Where and how am I hosting my projects in 2024?

It’s been about eight years since I started hosting my web-based projects on the internet, and over that time, how I host them has changed dramatically. Now that 2024 is firmly underway, I thought I’d reflect on where and how I host (and deliver) my more modern projects and what I foresee going forward.

Static content

When hosting static content, nothing is as cheap, simple, and reliable as GitHub Pages. Provided your repository is public, GitHub Pages is free, and when combined with their GitHub Action, it’s dead simple to have automated deployments whenever you wish.

An example of a project I deploy and host this way is the website for my npm package license-cop. The project is written within an NX Monorepo, allowing me to easily co-locate the website in the same repository as the npm package; while deployments of the package itself are ad-hoc (rather than continuous), I use a GitHub Action called website.yml to handle continuous deployments (CD) of the website.

After you’ve built your static artifacts, upload them using the actions/upload-pages-artifact action step like this:

- name: Upload Build
  uses: actions/upload-pages-artifact@v3
    path: ./dist

Then, as soon as you’re ready, deploy them using a dedicated deploy job like this:

    name: Deploy Website

    runs-on: ubuntu-latest

      name: github-pages
      url: ${{ steps.deployment.outputs.page_url }}

      - name: Deploy to GitHub Pages
        id: deployment
        uses: actions/deploy-pages@v4

Simple. I didn’t feel like forking out for a whole domain just for this project, while GitHub Actions come with <username><repo> URIs for free, I’m a big fan of the project where you can claim subdomains of for free, provided you’re using them for JavaScript-related content.

Static Content from Private Repositories

Not all projects are open-source or source-available; in these instances, I’ve found myself really enjoying Cloudflare Pages.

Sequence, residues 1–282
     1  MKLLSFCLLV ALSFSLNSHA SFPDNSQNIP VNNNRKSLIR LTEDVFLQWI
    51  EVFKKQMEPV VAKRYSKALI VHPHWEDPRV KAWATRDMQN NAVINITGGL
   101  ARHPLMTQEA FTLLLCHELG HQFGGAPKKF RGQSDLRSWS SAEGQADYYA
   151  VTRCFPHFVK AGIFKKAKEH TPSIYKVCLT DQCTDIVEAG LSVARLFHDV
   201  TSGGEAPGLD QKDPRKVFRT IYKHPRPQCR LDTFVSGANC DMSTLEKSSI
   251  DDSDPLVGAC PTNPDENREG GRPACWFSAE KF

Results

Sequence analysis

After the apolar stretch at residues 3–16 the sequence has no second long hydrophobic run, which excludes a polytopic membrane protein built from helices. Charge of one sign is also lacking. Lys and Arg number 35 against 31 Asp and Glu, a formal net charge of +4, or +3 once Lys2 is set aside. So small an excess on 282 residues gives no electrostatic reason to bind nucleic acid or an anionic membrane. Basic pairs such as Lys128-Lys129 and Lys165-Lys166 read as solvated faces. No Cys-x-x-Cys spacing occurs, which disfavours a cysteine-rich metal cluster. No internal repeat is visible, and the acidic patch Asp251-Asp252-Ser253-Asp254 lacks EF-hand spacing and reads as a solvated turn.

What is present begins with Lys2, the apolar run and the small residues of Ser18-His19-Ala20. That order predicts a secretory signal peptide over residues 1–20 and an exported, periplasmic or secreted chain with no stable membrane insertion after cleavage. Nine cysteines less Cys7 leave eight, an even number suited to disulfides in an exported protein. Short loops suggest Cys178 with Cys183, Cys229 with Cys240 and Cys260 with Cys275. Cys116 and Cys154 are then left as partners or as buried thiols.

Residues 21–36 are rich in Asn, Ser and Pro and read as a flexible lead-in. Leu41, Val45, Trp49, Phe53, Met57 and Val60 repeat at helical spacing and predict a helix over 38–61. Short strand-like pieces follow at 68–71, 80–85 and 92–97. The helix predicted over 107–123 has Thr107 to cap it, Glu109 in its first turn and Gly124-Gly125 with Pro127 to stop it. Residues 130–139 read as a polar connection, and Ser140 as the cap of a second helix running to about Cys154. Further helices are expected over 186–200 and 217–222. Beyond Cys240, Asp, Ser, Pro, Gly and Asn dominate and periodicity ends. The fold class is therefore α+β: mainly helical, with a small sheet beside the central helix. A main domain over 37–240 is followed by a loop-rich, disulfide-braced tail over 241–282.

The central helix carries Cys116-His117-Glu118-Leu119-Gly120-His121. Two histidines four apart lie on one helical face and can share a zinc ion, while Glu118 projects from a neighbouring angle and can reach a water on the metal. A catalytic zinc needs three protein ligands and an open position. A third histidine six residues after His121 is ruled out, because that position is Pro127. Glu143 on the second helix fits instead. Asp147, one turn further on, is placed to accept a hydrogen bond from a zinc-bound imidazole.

Since the death of Google Domains, I’ve transferred all my domains over to Cloudflare, which has made using their Pages offering practically a one-click solution. When combined with their cloudflare/pages-action GitHub Action, the deployment process for Cloudflare Pages is as simple as deploying to GitHub Pages.

For projects deployed to Cloudflare Pages where you haven’t purchased a specific domain, Cloudflare supplies you with a <whatever> domain - which is arguably better than GitHub’s free URIs that are tied to your repository names.

Dynamic Content

Gone are the days when I would purchase a VPS to host my server-side projects. For the last couple of years, I’ve been hosting my backends in Docker containers on GCP, and honestly, I don’t see that changing any time soon.

Once a developer has wrapped their head around the Docker mental model, creating containers for their projects is a breeze. I won’t show any snippets for how I tend to go about it because every project is different; however, once I’ve got my Dockerfiles in a buildable state, I tend to follow the same patterns for deployment.

Continuing to use GitHub Actions, I push my built Docker images to GCP's Artifact Registry. The permissions and security models in place across all of GCP are far more complex than what is required for any individual’s needs (what do you expect from an enterprise offering?); however, now that I’ve figured them out, I seem to reliably be able to set up the various secrets, roles, and permissions required to make their GitHub Actions perform the tasks that I need. In order I use google-github-actions/auth, then google-github-actions/setup-gcloud. Once set up, running gcloud auth configure-docker --quiet enables me to run docker push to get my images up into Artifact Registry.

There are multiple ways of running a Docker container from within GCP; I stick with Cloud Run for my projects. For projects (they call them ‘apps’) that only require server-to-server communication, they give you a gibberish URI per project, whereas, for user-facing projects, it’s simple enough to get apps mapped to a domain no matter which registrar you use. Cloud Run apps can automatically scale horizontally to n-number of instances based on your needs and configuration, and it comes with basic metrics and log ingestion out of the box.

Together, Artifact Registry and Cloud Run are very cheap, with Cloud Run, in particular, being one of the offerings under GCP's Free Tier; this is why I say that I can’t see myself moving to something else any time soon. As of Jan 2024, I can’t find the same feature set for a lower price on any of the other prominent clouds.

Which, I believe, is pretty much everything covered. The only thing not mentioned explicitly (but is heavily implied) is that I’m using GitHub for my repository hosting. While I’m confident in my current deployment and hosting strategies, there’s always room for improvements, so I’ll be sure to make any edits here as and when they happen.